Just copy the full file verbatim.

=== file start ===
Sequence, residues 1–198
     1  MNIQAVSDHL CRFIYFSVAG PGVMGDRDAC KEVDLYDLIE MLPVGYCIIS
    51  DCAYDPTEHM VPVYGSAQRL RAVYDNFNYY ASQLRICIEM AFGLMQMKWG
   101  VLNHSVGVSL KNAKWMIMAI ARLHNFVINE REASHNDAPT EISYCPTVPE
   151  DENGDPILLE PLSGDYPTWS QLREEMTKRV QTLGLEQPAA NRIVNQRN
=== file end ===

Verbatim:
Sequence, residues 1–198
     1  MNIQAVSDHL CRFIYFSVAG PGVMGDRDAC KEVDLYDLIE MLPVGYCIIS
    51  DCAYDPTEHM VPVYGSAQRL RAVYDNFNYY ASQLRICIEM AFGLMQMKWG
   101  VLNHSVGVSL KNAKWMIMAI ARLHNFVINE REASHNDAPT EISYCPTVPE
   151  DENGDPILLE PLSGDYPTWS QLREEMTKRV QTLGLEQPAA NRIVNQRN